Monday, January 11, 2016

David Bowie – "Lazarus" (2016)

Look up here, I'm in heaven
I've got scars that can't be seen

David Bowie died yesterday, two days after his 69th birthday and two days after the release of his 26th studio album, Blackstar (which will likely become the first Bowie album to reach the #1 spot on the Billboard album chart).  

Bowie had been diagnosed with liver cancer eighteen months before his death, but kept his illness a secret.

Bowie as Ziggy Stardust
Sooner or later, everyone who writes about David Bowie (including yours truly) describes him as a chameleon.  That includes Chris Richards, the pop music critic of the Washington Post:

Mourning David Bowie requires tremendous energy because there are so many David Bowies to mourn.  The lost astronaut.  The alien balladeer.  The pansexual glamourpuss.  The rake.  The maestro.  The fashionista.  The freak.  He was humanity’s ultimate and most giving rock star.  A chameleon bearing gifts.

I think Richards got to the heart of Bowie’s essence a little later in that piece:

[P]erpetual rejuvenation was the beating heart of Bowie’s project . . . . Bowie’s trajectory demanded that all pop stars evolve, transform, tweak their personas or invent new ones.  He made reinvention one of pop music’s most essential, appealing and enduring requirements.  

Today I asked a very talented musician I know to rank Bowie on a one to ten scale.  She would give only the Beatles, the Rolling Stones, Bob Dylan, and a few others a “ten” rating, but she would give Bowie a “nine.”  I think that’s just about right.

Aladdin Sane
Bowie was born in 1947 as David Robert Jones.  He changed his stage name from Davy Jones to David Bowie to avoid being confused with Davy Jones of the Monkees.  

Bowie was a fan of American culture and reportedly wanted a name as “cutting” as Mick Jagger.  So he chose to name himself after Alamo hero Jim Bowie and his eponymous knife.  He later described his new name as “the medium for a conglomerate of statements and illusions” — whatever that means.

2 or 3 lines has previously featured five David Bowie songs, so you can tell I’m a big fan.  I played Ziggy Stardust and the Spiders from Mars, Aladdin Sane, and Diamond Dogs to death when I was in college.  His next album, Young Americans, was awful, but thankfully his “plastic soul” phase didn’t last long.  

I didn’t go to many concerts when I was younger, but I did see Bowie when he brought his “Serious Moonlight Tour” to the old Capital Centre in suburban Washington in August 1983.  That tour kicked off in Brussels and ended in Hong Kong; altogether it visited 61 cities in 15 countries.  The setlist included “Space Oddity,” “Star,” “The Jean Genie,” “Rebel Rebel,” “Young Americans,” “Fame,” “Golden Years,” “Heroes,” “Ashes to Ashes,” “Modern Love,” “Let’s Dance,” and “Cat People (Putting Out Fire).”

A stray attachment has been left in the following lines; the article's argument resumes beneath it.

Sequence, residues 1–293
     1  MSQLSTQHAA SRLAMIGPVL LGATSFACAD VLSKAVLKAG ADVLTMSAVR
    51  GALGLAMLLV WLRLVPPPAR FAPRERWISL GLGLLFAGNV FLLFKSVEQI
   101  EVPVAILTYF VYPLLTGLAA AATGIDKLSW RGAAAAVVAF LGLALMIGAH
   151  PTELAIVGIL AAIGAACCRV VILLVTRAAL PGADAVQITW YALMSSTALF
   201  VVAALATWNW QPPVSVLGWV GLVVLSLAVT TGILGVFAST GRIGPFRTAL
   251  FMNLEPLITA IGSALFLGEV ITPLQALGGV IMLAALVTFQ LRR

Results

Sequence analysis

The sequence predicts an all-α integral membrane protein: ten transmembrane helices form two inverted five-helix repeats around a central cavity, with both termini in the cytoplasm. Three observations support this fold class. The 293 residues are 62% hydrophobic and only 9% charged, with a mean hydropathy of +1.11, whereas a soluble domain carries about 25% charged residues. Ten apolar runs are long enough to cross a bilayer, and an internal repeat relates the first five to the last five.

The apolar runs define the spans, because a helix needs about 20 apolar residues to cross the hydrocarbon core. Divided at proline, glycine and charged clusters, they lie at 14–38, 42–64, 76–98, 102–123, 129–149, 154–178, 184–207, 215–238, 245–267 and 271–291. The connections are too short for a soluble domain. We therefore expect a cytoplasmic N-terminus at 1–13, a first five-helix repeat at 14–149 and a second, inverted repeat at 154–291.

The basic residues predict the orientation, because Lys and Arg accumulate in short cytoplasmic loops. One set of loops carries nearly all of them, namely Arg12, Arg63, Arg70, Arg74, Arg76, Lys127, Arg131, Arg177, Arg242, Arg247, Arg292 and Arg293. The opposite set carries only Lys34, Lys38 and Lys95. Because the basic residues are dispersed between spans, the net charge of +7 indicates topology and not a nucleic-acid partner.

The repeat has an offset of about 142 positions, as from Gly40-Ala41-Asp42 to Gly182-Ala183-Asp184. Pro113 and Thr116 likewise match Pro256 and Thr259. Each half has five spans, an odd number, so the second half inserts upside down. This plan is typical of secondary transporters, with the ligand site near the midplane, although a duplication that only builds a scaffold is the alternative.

The Thin White Duke
Lazarus, an off-Broadway musical that features new and old songs by David Bowie, is a sort of sequel to Bowie’s 1976 movie, The Man Who Fell to Earth.  

Here's the trailer for that movie:

One reviewer said Lazarus was “unapologetically weird,” which is a pretty good description of Bowie himself.

The only track from Blackstar that is performed in Lazarus is today’s featured song – which is also titled “Lazarus.”

Bowie in 2015 (age 68)
The biblical Lazarus was restored to life by Jesus four days after his death.  Other than Jesus himself, Lazarus is the only biblical figure who was resurrected from the dead.  His resurrection is the last and most remarkable of the seven miracles performed by Jesus in the gospel according to John. 

According to Tony Visconti, the longtime Bowie collaborator who produced Blackstar, “Lazarus” and its accompanying music video were intended as a parting gift to Bowie’s fans.

The "Blackstar" cover
Visconti sent out this tweet after Bowie died:

He always did what he wanted to do.  And he wanted to do it his way and he wanted to do it the best way.  His death was no different from his life – a work of Art.  He made “Blackstar” for us, his parting gift.  I knew for a year this was the way it would be. I  wasn't, however, prepared for it.  He was an extraordinary man, full of love and life.  He will always be with us.  For now, it is appropriate to cry.

Here’s “Lazarus”:

Click below to buy the song from Amazon:

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